Interfaith Fridays: Interfaith Scriptural Explorations

Explorations of texts from various religions, primarily Judaism, Christianity, and Islam, using the Scriptural Reasoning method developed in England, supported by Cambridge University, and now used all over the world.

When: 3:30 – 4:30 pm

Where?  Religion and Philosophy Commons, Hendrix College

·         Feb 2.: Interfaith Scripture Explorations: Texts on Hospitality to the Stranger

·         March 9: Interfaith Scripture Explorations: Texts on Abraham’s Journey

·         April 6: Interfaith Scripture Explorations: Texts on Encountering God


Worldview Wednesdays: “My Life” Listening Sessions

When? 4-5 pm on Wednesdays

Where?  Religion and Philosophy Commons, Hendrix College

  • January 31: My life in Buddhism (Doug Holmes and Mike Mueller, Hendrix graduates active in the Ecumenical Buddhist Society, LR)
  • February 7:  My life in Hinduism (Jeffrey Long, Elizabethtown College, Hindu scholar and practicing Hindu, by Skype)
  • February 14: My Life Growing up in Chinese Culture (Guo-ou Zhuang, Associate Professor Chinese Culture, Director of Confucius Institute, UCA)
  • March 7: My life in Atheism (Gwen Stockwell, International Programs, Hendrix College)
  • March 14: Our Lives in Judaism (Tracie and Phillip Spivey, Community Outreach and     Philosophy, UCA)
  • March 28: My Life in Christianity (Peg Falls Corbitt, Professor of Philosophy, Hendrix College)
  • April 4: My Life in Islam (Nader Abou-diab, LR)
  • April 11: My Life in Unitarian Universalism (Rev. Jan Nielson, Unitarian Universalist minister, LR)

Multi-Faith Mondays: Interfaith, Psychology, and Theology

What?  Short presentations relevant to Interfaith Studies, followed by open discussion.

When?  Monday evenings from 6-7 pm

Where? Faulkner County Public Library (1900 West Tyler Street)

  • Feb. 5: Mental Health in Arkansas (David Hawkins, LAC)
  • Feb. 12: Mental Health in Arkansas (David Hawkins, LAC)
  • Feb. 19: The Practice of Pluralism: Political and Religious (Jay McDaniel)
  • Feb. 26: The Enneagram and Interfaith (Amanda Moore)
  • March 5:  The Enneagram and Interfaith (Amanda Moore)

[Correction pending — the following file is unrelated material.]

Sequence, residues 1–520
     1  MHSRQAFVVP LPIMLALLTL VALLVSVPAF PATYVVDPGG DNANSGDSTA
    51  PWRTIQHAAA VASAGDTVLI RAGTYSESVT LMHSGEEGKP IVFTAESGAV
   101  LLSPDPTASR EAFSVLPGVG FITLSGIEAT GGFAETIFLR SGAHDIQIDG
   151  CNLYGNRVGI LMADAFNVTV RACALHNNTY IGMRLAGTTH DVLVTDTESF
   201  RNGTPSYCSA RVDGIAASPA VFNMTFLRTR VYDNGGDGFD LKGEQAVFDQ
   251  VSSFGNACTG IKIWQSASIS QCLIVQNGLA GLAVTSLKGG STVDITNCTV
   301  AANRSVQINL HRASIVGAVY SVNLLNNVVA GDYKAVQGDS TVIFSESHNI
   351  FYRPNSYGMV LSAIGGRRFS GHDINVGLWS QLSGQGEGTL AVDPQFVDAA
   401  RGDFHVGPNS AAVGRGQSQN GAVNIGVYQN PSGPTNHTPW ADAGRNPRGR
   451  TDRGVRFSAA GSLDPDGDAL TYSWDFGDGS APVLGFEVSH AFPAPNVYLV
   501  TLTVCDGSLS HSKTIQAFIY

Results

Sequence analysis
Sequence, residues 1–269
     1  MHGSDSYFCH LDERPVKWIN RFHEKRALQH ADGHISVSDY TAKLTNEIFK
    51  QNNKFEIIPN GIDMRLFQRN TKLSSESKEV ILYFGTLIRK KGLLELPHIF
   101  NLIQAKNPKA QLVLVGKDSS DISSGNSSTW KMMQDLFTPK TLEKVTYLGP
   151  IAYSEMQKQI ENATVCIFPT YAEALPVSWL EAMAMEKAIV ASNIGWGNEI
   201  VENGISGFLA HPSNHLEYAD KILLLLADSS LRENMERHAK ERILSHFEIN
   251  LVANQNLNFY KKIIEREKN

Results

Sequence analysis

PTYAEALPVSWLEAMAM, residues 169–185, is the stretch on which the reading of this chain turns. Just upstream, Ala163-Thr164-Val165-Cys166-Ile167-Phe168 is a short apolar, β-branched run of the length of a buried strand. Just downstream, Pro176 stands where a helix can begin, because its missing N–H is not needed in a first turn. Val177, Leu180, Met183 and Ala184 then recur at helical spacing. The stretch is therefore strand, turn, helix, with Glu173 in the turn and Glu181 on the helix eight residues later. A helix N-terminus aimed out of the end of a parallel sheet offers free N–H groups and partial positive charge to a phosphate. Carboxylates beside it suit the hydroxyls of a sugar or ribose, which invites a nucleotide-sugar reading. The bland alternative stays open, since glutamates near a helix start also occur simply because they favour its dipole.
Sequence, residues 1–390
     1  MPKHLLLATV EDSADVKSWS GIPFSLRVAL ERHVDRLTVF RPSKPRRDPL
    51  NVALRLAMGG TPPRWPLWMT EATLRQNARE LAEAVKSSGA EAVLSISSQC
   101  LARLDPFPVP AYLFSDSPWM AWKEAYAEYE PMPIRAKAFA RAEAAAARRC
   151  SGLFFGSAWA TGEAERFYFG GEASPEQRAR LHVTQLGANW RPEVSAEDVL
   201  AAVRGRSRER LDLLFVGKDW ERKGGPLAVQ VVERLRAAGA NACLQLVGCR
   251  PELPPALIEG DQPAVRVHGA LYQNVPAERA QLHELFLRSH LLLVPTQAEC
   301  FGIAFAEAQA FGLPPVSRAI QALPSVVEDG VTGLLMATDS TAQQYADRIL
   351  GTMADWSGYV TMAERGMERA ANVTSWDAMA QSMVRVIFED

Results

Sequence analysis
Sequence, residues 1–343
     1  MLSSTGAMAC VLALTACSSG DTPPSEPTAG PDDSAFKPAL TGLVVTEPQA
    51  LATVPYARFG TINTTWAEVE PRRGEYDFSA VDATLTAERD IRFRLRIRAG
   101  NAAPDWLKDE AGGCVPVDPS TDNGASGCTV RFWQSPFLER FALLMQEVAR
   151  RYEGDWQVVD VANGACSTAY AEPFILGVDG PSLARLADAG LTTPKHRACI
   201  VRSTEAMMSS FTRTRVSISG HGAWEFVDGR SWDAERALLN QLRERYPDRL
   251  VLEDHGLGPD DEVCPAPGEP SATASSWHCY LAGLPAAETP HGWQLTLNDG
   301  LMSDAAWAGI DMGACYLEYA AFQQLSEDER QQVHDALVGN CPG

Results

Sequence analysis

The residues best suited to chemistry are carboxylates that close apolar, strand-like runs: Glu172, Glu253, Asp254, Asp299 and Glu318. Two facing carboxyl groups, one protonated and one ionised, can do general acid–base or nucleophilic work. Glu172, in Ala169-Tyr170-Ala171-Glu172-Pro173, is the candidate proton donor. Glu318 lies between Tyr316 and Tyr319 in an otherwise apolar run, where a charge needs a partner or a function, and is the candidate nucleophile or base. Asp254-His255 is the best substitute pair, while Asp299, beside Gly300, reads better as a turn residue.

• March 12: Can a Christian be a Buddhist, Too? (Jay McDaniel)
  • March 26: Ideas of God and Interfaith (Jay McDaniel)


Cultivating an Interfaith Mindset in Rural Arkansas

26055702_395256380887231_813604204524835639_n.jpgWhile most interfaith resources are concentrated in urban areas, the need to cultivate hospitality toward other religions exists in rural areas as well. During this workshop, held March 3, 2018, we explored the characteristics of “an interfaith mindset,” learned about existing interfaith initiatives in rural Arkansas, and brainstormed new ways to cultivate interfaith understanding in areas where religious diversity is not readily apparent.

The workshop was sponsored by the Greater Arkansas Interfaith Network and facilitated by Dr. Jay McDaniel and the Rev. Teri Daily.

If you are interested in interfaith work in rural areas, join our Facebook Page Rural Arkansas Interfaith Network, a GAIN Group.

Film and Spirit: A Discussion on Nature, Stories, Joy, and Contemplation

We will meet on Thursdays at 4:30-6:00 at Panera Bread in the Hendrix Village on the 2nd Thursdays of each month, with the exception of December.  (Sep. 14th, Oct. 12th, Nov. 9th, Dec. 7th)

 The Film and Spirit discussion series focuses on the power of storytelling, the benefit of a shared experience, and thoughtful dialogue on ethical, moral, and religious questions. The intention of each film in the series is to open up dialogue on questions or themes that the films present and how we can broaden those themes into a shared vision of the world. In these discussions, we welcome the perspective, opinion, and wisdom of all spiritual traditions and even those without any spiritual identity. We serve as a community of Human beings traveling the long road to rediscover and foster our own Humanness. And with such a vision, we hope to forge bonds, develop a sense of inter-dwelling, a widened circle of companions, and enjoy great cinema together.